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Prey Review - From this world to another

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I want you to forget everything you know about the last Prey that released back in 2006. Prey of 2017 is so different, and if anything it has nothing in common other than being a first-person shooter. Prey took me on some wild adventures - some so outlandish I'm still tripping. The game might borrow inspiration from a few titles like BioShock and some Alien: Isolation, but in the end, it's the fantastic atmosphere and psychological horror mechanics that make Prey one of the most "out there" games I have played in ages.

Arkane Studios masterfully designed a space where madness and fear collide to produce something that is both unique and inspiring. They created a world that is at the same time realistic and unrealistic. The game is drenched in so much atmosphere, that it draws the player inside itself and make the experience feel very real. I dare say; the world of Prey felt so plausible that someone might just be inspired to create it! Over all of this, Arcane painted their digital canvas with a layer of dreadful unease; especially when I knew I had nothing around me to help me fight the Mimics and other strange creatures. The synergy of all these elements resulted in a terrifying, challenging and absurdly wonderful experience.

Mind-Bender

The more I played Prey, the more I could not help but be intrigued by its setting and brilliant take on space travel. Taking control of Morgan Yu, the starting hour of the game is a complete mind-bender. You wake up and travel to a test of some sort in order to sign up for the Talos I space station that orbits Earth. A Mimic outbreak takes places and you pass out to wake up again in the same bed, but this time smashing through your window, you realise that you have been on the space station the whole time and a tech known as Looking Glass, which is, in theory, are giant 3D screens that are able to give you a "portal-like" view into the area, mimicked a fake world around you. Now that Talos I has been compromised by these Mimics, you need to find a way to stop the threat by destroying the entire space station, preventing the aliens from reaching earth.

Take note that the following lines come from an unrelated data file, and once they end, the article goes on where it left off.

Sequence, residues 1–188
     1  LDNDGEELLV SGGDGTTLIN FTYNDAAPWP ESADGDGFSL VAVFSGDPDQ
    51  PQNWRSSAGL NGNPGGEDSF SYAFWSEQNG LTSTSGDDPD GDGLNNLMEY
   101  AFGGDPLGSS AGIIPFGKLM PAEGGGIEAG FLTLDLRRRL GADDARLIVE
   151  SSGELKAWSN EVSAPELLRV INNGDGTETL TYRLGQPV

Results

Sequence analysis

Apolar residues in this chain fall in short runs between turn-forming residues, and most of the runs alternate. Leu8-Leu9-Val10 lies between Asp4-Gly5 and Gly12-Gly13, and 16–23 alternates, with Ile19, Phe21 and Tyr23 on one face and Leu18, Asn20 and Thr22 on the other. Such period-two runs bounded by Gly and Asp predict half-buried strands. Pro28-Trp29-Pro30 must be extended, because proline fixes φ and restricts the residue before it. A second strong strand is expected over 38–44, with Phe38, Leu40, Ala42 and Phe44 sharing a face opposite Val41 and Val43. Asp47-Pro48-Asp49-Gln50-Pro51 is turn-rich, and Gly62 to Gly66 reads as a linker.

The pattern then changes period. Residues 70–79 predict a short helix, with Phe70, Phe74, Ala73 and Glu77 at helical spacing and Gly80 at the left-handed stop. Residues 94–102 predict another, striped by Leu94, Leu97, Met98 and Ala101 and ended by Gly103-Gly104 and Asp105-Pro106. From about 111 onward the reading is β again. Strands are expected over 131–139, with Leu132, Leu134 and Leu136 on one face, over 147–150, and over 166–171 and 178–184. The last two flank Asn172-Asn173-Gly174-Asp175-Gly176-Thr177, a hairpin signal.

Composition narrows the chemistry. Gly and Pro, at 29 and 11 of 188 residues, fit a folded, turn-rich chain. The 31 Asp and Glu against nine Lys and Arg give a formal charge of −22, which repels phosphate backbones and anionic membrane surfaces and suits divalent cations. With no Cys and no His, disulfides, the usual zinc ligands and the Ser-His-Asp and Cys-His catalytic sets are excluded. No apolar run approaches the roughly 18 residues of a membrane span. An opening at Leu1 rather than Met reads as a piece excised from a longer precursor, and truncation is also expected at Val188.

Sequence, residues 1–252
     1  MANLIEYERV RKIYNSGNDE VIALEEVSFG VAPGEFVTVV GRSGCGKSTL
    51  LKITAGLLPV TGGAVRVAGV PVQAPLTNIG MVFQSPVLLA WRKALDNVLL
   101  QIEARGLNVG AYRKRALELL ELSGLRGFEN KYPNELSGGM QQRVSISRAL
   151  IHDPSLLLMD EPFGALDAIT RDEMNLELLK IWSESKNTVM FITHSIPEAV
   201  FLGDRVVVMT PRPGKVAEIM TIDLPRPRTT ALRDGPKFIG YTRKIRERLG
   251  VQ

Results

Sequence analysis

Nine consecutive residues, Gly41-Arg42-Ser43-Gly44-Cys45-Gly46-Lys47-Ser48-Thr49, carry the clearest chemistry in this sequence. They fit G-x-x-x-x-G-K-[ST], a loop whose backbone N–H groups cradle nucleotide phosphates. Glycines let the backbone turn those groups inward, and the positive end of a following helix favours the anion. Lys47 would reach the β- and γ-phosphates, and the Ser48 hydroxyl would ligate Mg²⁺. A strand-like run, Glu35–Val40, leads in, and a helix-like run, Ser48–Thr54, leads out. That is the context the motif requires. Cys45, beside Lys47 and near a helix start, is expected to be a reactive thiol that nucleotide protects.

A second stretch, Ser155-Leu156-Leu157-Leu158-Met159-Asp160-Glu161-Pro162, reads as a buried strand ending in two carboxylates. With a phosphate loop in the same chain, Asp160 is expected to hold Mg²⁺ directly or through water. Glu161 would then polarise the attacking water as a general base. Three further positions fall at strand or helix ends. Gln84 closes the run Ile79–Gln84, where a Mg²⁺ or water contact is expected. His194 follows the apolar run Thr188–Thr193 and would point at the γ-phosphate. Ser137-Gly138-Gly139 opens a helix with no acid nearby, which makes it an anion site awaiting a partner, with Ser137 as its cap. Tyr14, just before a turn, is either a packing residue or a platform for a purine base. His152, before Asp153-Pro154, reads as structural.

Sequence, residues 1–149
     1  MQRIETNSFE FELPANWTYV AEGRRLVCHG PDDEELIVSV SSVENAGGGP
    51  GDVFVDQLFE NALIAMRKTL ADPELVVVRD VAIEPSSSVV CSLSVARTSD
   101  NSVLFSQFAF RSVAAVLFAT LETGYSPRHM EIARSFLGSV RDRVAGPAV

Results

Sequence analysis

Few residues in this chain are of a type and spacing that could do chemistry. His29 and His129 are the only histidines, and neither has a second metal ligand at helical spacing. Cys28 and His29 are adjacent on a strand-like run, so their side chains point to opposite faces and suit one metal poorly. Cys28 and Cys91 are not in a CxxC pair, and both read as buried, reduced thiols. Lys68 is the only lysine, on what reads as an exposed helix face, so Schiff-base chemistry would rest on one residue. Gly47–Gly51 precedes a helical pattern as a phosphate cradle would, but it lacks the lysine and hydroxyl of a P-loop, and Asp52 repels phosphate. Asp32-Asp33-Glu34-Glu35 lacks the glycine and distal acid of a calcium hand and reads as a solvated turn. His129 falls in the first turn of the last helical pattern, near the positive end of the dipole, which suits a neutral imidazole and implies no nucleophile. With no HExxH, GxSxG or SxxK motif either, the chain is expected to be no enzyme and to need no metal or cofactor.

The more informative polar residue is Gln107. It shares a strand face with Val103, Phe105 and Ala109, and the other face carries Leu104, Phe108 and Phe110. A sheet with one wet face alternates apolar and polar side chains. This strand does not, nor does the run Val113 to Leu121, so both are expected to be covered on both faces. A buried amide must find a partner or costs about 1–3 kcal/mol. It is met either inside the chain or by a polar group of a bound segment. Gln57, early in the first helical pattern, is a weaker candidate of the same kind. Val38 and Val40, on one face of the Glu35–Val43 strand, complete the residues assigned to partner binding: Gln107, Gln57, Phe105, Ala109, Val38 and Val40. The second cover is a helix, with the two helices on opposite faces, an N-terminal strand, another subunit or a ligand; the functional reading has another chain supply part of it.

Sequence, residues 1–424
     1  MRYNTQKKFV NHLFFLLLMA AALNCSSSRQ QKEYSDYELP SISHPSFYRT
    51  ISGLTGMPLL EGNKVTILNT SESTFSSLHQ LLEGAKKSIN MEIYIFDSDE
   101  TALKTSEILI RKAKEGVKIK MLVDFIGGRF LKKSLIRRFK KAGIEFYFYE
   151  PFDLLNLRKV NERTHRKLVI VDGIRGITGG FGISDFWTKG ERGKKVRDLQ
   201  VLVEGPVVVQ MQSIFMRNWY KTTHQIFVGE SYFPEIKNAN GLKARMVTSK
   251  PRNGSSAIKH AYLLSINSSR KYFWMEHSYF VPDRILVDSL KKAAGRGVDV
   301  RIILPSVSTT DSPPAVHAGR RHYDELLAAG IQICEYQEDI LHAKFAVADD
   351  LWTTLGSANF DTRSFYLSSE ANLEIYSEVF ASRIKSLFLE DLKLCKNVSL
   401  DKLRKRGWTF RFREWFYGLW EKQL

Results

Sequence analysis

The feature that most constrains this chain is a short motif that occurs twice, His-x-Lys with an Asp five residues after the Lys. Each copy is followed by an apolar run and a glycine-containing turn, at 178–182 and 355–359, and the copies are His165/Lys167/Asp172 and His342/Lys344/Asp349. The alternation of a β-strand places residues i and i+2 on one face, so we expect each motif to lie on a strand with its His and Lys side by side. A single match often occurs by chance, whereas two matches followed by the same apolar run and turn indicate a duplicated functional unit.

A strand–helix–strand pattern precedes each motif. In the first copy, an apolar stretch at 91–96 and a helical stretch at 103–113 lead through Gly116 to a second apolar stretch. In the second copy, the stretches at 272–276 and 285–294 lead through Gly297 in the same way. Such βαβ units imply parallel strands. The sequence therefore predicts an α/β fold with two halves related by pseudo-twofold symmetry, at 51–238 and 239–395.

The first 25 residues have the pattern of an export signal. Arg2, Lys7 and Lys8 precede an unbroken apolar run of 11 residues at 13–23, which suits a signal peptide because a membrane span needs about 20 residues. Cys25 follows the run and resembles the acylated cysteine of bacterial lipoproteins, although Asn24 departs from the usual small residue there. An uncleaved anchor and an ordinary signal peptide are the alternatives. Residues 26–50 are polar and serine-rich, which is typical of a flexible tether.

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Morgan has no memory of past events, but he somehow planned for this to take place and has recorded videos to prepare his memory-less self you now control. Arkane has done a fantastic job in bringing the world of Prey to life. The deep history of the space station, and the way Morgan learns about it as if he has never been there before is unreal.

The environment as character

Every PC I came across in the game held insightful information about the people who once lived on the space station, and everyone's story and audio logs felt so real. It is the ability to bring the game to life, that makes Prey so thrilling. Every new area is worth exploring for crafting materials and just some back story of what in the space is going on. The opening hours are so mysterious that you cannot help but want to delve deeper into the game's fantastic narrative. 

Talos I has so much character and the environments come alive with the sights and sounds in each of them. It gives you the feeling of "what if" at every turn. I constantly questioned things like, what if humans were able to live in space on a massive space station, but this all happened in the 1960s? What if the brain could be harnessed in such a way that allows one to enhance skills on the fly and increase performance in daily tasks? All these realistic scenarios came into play during the game, mainly because the world makes you believe it is possible. 

The star of the game

The stars of the game are the Mimics, which if you know have been around in video games for ages. Mimics are known for their ability to shapeshift and turn into something of this world. In the Dark Souls series, they are chests, and in Prey they are little black spider-like creatures that can turn into anything really. A cup, a bin, and even a chair.